Does Managerial Control of the Proxy Process Disenfranchise Shareholders?
Posted: 10 Apr 2000
Date Written: February 22, 2000
A rise in shareholder activism and recent changes in the SEC's proxy rules have been accompanied by an increase in shareholders' use of the proxy process. However, because of managers' control of the proxy process, issues remain concerning shareholders' ability to initiate change by voting. More generally, we hypothesize that certain features of the institutional and regulatory environment may allow managers to influence shareholder voting turnout and results. To the extent managers may strategically influence votes, they may disenfranchise shareholders and, conceivably, reduce the control rights of shares.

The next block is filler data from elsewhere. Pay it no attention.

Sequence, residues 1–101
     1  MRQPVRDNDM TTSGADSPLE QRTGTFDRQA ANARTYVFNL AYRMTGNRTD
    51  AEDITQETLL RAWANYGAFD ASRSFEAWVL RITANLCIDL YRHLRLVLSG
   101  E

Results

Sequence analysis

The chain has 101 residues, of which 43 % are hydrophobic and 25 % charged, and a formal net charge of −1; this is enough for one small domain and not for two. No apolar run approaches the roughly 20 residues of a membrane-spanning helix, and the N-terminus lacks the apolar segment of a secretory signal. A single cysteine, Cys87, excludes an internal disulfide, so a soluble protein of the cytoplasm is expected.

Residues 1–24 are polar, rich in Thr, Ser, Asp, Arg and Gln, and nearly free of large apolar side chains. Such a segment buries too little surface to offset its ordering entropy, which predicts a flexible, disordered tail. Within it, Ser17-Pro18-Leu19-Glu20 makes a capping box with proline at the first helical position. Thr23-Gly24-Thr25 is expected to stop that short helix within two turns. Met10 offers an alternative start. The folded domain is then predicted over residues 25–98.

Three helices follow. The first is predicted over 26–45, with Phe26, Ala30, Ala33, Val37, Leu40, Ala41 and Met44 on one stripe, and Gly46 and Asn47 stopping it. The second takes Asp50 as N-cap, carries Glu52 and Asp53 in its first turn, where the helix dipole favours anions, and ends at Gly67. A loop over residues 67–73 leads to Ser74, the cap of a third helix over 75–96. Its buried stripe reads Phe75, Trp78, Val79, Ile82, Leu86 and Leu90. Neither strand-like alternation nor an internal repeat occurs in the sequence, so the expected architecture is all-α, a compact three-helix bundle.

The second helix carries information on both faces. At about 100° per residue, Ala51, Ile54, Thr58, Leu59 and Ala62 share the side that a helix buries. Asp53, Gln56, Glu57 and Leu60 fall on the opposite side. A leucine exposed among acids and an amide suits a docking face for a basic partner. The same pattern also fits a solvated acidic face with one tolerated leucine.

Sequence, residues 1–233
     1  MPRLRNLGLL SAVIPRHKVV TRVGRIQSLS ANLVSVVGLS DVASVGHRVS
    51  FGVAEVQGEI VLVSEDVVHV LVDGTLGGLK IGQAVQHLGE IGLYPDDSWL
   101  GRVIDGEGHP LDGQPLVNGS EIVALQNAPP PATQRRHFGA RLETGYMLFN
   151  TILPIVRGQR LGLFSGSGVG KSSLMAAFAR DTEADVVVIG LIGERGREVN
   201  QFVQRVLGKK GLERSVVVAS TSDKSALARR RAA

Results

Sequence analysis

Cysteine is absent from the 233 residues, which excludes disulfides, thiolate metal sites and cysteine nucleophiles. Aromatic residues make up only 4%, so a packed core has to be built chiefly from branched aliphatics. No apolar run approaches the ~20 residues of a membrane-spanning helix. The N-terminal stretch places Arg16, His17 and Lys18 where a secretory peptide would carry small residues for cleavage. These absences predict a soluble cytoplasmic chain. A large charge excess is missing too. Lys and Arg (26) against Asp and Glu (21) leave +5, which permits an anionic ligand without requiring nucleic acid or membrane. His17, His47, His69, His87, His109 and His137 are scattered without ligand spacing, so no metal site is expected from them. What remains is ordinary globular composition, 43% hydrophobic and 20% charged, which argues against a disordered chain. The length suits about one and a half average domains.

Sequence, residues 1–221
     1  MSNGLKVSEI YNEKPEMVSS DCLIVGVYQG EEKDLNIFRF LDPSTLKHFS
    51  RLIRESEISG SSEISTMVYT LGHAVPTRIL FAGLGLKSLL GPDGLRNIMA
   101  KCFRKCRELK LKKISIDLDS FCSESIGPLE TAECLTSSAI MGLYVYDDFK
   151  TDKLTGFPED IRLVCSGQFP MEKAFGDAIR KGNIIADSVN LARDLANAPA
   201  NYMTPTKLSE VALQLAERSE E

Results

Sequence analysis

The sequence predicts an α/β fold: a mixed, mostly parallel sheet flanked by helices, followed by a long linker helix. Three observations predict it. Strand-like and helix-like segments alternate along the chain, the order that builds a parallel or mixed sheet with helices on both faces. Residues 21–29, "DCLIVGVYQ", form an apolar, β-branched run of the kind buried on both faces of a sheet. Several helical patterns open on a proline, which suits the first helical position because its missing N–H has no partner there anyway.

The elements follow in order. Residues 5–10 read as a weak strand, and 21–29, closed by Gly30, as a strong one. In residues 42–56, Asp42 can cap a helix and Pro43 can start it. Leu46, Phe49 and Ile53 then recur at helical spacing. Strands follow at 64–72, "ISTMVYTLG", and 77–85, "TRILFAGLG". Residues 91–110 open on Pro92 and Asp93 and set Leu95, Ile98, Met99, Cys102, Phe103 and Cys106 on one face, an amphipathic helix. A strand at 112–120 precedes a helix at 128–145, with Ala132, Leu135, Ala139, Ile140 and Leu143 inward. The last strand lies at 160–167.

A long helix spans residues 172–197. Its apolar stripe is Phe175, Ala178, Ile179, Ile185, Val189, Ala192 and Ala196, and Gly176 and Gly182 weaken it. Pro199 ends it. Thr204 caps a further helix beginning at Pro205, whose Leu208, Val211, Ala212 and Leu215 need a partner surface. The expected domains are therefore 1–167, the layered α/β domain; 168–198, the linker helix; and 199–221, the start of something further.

We find evidence suggesting that managers hire proxy solicitors when ballots include nonroutine management or shareholder proposals, and bundle nonroutine management or difficult-to-pass issues with others in joint proposals. Managers also appear to craft proposals to be classified as routine to increase the number of votes cast in support of their proposals. We find routine management proposals were associated with increases of 13.55% of affirmatively cast votes. As many as 4.69% of management proposals might not have passed had they been classified nonroutine rather than routine.
Some institutional features, however, appear to constrain managers' ability to gain shareholder votes. Notably, against recommendations from ISS, an advisory service providing voting recommendations to many institutional investors, were associated with 13.63% to 20.56% fewer affirmative votes for management proposals, depending on the specific type. Despite this type of constraint, however, we find evidence strongly suggesting that managers control the proxy process and receive a vote-getting advantage from doing so.
JEL Classification: G30
Suggested Citation: Suggested Citation